For more than two decades, I’ve been speaking and counselling about the ideas presented in my book The 5 Love Languages, and I frequently encounter couples with whom interactions play out something like this: With tears running down her face, a wife might come up to me and say, “I thought having a baby would pull my husband and me together and we would both be happy. The exact opposite is true for us. My husband doesn’t understand why I am so tired. He complains that I don’t bake cherry pies anymore. I’m up to my ears in nappies and vomit, and he’s complaining about cherry pies!”

Later, her husband will talk with me and say, “I feel like I have lost my wife. She never has time for me. It is always the baby. Even when I ask her to go out, she is afraid to leave the baby. When I want to rent a movie she says she doesn’t have the energy to watch it. I don’t know what else to do.”

Frequently, couples struggle to keep their marriage alive after they become parents. There is no question that having a baby greatly changes the dynamics between a husband and wife. After all, a child means more work. Who does the work? More work means expending more energy. Whose energy? A child means spending more money. Which money — the money we have been using for restaurants and entertainment?

Raising children should be a joint venture that requires communication, understanding, love and a willingness to compromise. Couples who have not developed these attitudes and skills before the baby arrives will not find them automatically emerging upon the arrival of their child. I sometimes ask couples, “What was your marriage like before the baby came?” I receive answers like: “Well, we were struggling.” Don’t expect a baby to create a good marriage — that is not the responsibility of a child. Children do not create problems in a marriage; they only reveal them.

Even couples who have a healthy marriage before babies come along tend to experience struggles as they adjust to being married with children. They spend so much time being “good parents” that they let their relationship grow stale. This staleness does not happen overnight and often is not the result of open conflict. Rather, the slow erosion of intimacy is caused by a lack of quality time, expressions of love and heartfelt communication. In these marriages, the road to restoration may prove to be much shorter because the couple started with a good relationship that has diminished.

Either way, God ordained marriage and encouraged couples to "be fruitful and multiply" — so there must be a way to have a healthy marriage and be good parents. Let me suggest some positive things you can do to strengthen your marriage after you have children:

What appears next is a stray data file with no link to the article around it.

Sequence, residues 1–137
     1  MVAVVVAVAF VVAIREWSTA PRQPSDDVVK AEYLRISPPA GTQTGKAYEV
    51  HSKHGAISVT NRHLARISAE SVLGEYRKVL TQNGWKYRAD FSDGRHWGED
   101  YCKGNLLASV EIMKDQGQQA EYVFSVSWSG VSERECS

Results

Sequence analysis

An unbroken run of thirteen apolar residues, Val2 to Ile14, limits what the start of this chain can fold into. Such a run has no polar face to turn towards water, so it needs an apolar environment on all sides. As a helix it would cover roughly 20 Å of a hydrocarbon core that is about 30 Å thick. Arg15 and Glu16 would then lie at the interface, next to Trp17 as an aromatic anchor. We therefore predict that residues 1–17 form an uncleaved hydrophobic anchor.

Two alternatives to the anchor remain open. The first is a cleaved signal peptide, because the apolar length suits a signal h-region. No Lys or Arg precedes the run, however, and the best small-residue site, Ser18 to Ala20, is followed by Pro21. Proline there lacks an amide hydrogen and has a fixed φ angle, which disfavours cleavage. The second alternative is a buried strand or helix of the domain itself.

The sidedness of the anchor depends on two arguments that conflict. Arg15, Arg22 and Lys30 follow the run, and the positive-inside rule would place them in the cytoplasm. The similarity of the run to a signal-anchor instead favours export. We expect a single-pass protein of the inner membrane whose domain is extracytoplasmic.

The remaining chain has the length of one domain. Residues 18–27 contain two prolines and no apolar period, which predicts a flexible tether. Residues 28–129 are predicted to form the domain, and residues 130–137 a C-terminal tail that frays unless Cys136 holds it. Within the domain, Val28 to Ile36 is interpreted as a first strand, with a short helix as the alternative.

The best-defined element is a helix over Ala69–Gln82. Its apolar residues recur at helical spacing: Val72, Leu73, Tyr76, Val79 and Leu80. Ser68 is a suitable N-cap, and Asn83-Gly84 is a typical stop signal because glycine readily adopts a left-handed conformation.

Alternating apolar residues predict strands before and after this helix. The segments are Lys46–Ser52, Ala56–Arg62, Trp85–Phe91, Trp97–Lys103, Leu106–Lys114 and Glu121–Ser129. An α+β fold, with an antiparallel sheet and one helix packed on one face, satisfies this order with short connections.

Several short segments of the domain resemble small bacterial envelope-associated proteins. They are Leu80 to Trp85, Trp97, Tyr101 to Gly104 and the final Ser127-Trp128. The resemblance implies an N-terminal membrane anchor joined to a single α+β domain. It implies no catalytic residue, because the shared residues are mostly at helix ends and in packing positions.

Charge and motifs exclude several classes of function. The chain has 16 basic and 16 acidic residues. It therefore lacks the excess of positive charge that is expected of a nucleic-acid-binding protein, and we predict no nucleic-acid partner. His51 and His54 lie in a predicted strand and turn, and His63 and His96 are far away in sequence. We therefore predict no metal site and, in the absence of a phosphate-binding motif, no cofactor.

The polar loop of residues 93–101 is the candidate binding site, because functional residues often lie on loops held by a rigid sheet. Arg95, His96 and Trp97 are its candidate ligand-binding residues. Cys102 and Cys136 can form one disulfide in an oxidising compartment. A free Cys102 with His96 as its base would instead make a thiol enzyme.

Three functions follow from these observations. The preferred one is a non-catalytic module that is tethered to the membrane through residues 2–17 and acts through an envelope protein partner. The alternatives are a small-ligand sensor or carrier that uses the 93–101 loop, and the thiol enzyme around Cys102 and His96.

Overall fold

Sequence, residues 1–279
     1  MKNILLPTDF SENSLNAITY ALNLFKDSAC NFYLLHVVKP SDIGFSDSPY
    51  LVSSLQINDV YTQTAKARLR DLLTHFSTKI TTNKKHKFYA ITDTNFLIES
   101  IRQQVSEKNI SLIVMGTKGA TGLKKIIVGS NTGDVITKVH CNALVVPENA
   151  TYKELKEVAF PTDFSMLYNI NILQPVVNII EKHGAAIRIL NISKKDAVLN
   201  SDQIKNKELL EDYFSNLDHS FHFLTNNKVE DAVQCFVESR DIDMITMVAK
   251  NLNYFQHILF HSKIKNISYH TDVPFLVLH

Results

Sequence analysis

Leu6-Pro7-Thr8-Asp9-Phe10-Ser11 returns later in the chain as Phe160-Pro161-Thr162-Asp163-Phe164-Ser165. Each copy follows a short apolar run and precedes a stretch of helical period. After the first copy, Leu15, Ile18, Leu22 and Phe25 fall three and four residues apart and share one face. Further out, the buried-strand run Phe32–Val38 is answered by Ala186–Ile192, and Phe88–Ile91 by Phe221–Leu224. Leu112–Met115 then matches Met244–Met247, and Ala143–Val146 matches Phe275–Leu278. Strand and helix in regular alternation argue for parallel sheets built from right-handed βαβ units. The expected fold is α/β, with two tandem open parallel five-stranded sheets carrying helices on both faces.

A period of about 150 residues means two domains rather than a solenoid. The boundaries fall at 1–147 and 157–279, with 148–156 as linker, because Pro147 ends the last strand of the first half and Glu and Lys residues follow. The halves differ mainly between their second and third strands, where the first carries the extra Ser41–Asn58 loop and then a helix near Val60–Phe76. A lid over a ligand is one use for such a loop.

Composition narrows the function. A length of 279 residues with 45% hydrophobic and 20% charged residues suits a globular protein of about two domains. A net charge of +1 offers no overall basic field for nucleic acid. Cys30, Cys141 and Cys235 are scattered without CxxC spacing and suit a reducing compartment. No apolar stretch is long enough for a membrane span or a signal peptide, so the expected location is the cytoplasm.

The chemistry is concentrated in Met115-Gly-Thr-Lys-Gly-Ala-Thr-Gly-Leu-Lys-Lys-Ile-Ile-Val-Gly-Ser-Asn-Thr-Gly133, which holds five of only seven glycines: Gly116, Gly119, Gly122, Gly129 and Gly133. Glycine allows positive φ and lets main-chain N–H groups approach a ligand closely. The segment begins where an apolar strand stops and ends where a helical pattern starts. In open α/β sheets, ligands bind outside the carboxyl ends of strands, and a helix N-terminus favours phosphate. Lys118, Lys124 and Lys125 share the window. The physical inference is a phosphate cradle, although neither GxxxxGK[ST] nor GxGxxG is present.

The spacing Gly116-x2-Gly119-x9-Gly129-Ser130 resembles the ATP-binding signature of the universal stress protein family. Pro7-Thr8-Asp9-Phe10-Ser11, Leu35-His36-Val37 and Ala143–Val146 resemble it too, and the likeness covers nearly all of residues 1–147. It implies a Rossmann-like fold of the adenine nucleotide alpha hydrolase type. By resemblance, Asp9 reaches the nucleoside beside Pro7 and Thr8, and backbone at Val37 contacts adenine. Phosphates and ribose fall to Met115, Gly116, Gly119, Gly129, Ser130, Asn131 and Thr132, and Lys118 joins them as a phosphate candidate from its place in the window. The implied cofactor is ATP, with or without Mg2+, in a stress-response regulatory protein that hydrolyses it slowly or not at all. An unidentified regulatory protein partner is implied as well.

• Begin my making marriage a priority. Recognise that a loving marriage is one of the greatest gifts you can give your children — as well as yourself. So, why not begin by deciding to put your marriage on the front burner?

  • Start a conversation with your spouse, acknowledging that you miss time together and would like to make your relationship a priority in spite of the new demands and stressors. Ask, "How can I help?" You just might find that your spouse welcomes the idea of making marriage a priority. Your husband or wife is likely as weary or frustrated as you are with the present situation.

  • Make a list of the things you enjoyed most in your marriage before having children. Now share your lists with each other and discuss some of those common interests you enjoyed in that earlier stage of marriage. You may want to consider allowing extended family or friends to help with child care so you can engage in uninterrupted conversation.

  • Make a list of five things that you think would improve your marriage at this stage of parenting. Evaluate these five options by placing the word realistic, unrealistic or maybe beside each word on your list. Talk about your lists with each other, and then see if you can agree on at least one thing from each list that you will attempt to do this week.

  • Share a book on parenting. Read the same chapter and then discuss one thing you learned from the chapter. Ask each other, "How can we apply this idea to our situation?"

Read the following statements and check the ones that express your current feelings:

  • I don’t feel that the division of labour in our relationship is equitable.

  • I wish we could spend more time together.

  • I think our sexual relationship could be improved.

  • I wish we could find a way not to argue over money.

  • I feel like I don’t get enough time alone.

  • I wish we could find more unity. Our ideas are so different.

  • I feel like we don’t talk because we are afraid of getting into arguments without coming to a healthy resolution.

Now discuss the statements that expressed your feelings and pick one issue from each of your lists to work on. This might mean you need to have an open conversation about what you can change to make things better. It might mean agreeing that each of you will talk with one other couple and ask how they have handled a similar situation. It might lead to attending a class on marriage at your church.

If you don’t make progress, consider seeing a Christian counsellor who has experience in helping couples deal with similar marital struggles.

There’s no doubt that babies change marriages. And although taking time to focus on your marriage isn’t easy, it’s essential. Healthy marriages are possible — just remember that they’re not a natural consequence of having kids.

© 2017 Gary Chapman. All rights reserved. Used with permission. From the Focus on the Family website at

Gary Chapman

Dr. Gary Chapman is a pastor, speaker and best-selling author of The Five Love Languages.

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